“I’ve skated with a lot of [NHL] guys and I have a lot of the attributes to become a pro goalie. I know from just skating with them, and I think I’m getting better every day and improving,” Subban said on the second day of camp. “I think that if I keep working hard, and I really want to play, I think that alone will help me get there. I’ve just got to do my part and work really hard to get ready for the opportunity when I get the chance.”
Subban certainly made a good impression on his fellow prospects (it appears he’s jumped in on Knight and Spooner’s Twitter bromance), and his wit and similarities to his brother (Canadiens defenseman P.K. Subban) definitely made him a hit with the media. The opinions that truly matter are those of the B's brass, and they came away from the camp pretty happy as well.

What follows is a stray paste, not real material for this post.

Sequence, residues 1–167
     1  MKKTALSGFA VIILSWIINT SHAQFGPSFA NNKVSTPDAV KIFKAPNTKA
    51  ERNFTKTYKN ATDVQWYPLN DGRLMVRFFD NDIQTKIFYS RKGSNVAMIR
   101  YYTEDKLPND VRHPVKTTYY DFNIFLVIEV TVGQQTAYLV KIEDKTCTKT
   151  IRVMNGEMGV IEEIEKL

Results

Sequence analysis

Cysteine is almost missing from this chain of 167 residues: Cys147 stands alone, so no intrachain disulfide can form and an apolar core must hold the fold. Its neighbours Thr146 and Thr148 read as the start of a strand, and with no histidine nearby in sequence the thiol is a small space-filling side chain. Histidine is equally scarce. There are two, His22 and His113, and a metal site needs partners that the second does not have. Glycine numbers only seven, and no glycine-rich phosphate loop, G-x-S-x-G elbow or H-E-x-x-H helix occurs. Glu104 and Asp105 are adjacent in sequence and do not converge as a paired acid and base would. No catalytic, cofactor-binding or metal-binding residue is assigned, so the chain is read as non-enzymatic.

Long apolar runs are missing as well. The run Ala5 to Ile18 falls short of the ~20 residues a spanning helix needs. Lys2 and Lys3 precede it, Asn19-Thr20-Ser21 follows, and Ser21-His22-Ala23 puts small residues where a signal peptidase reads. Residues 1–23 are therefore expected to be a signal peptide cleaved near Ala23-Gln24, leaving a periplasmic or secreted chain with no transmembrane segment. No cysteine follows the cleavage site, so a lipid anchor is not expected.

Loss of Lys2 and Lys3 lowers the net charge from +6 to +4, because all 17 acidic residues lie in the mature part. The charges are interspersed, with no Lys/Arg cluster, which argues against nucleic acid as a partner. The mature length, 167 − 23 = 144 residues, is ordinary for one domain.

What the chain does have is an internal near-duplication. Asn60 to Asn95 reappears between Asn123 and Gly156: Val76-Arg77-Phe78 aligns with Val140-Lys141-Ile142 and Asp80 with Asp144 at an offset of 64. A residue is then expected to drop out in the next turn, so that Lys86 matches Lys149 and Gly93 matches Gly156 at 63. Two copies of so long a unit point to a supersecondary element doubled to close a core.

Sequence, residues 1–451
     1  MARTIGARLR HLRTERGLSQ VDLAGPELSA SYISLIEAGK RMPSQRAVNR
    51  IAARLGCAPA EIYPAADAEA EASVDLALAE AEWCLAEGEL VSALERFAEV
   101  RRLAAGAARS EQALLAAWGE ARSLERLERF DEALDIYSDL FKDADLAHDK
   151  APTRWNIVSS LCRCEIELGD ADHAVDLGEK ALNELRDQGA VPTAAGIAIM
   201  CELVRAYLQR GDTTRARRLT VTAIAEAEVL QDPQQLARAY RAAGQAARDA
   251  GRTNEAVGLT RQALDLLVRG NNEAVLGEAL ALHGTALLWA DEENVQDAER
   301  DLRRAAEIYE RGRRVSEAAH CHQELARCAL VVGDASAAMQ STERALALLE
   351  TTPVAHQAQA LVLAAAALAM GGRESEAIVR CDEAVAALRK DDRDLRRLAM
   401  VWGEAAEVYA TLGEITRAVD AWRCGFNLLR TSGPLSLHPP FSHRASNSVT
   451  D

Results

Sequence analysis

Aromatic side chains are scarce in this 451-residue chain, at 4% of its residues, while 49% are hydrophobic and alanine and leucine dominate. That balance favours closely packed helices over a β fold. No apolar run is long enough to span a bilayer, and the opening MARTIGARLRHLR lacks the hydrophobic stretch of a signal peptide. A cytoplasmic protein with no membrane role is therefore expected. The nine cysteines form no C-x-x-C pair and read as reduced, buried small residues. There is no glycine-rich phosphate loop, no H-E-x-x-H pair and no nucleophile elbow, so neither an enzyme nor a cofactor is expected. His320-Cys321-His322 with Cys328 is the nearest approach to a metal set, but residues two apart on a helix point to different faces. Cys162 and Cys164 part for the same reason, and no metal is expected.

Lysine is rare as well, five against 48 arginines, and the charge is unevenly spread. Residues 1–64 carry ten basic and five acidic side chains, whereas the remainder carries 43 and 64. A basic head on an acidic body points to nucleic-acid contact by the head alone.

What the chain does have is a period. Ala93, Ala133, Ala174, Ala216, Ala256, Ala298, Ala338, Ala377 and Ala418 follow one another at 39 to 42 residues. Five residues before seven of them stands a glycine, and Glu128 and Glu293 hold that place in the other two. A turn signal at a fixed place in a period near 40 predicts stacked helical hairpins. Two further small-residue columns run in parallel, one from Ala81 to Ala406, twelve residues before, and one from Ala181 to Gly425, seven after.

“I think [he]’s pretty much as advertised -- the athleticism and the competitiveness, even from a shootout perspective -- his statistics are phenomenal in that -- then you see him out there. He’s an exciting prospect,” B’s assistant GM Don Sweeney said after the camp was finished. “We’re looking forward to having our goalie coach really be in close communication and certainly line up a path that they can have input while not overstepping while he’s back what his junior team.
“Certainly [we’re] starting to identify some of the stuff that he sees that may or may not be exposed strengths and weaknesses and going to work on it. We’re excited about him.”
Last season for Belleville, Subban had a 2.50 goals-against average and .923 save percentage.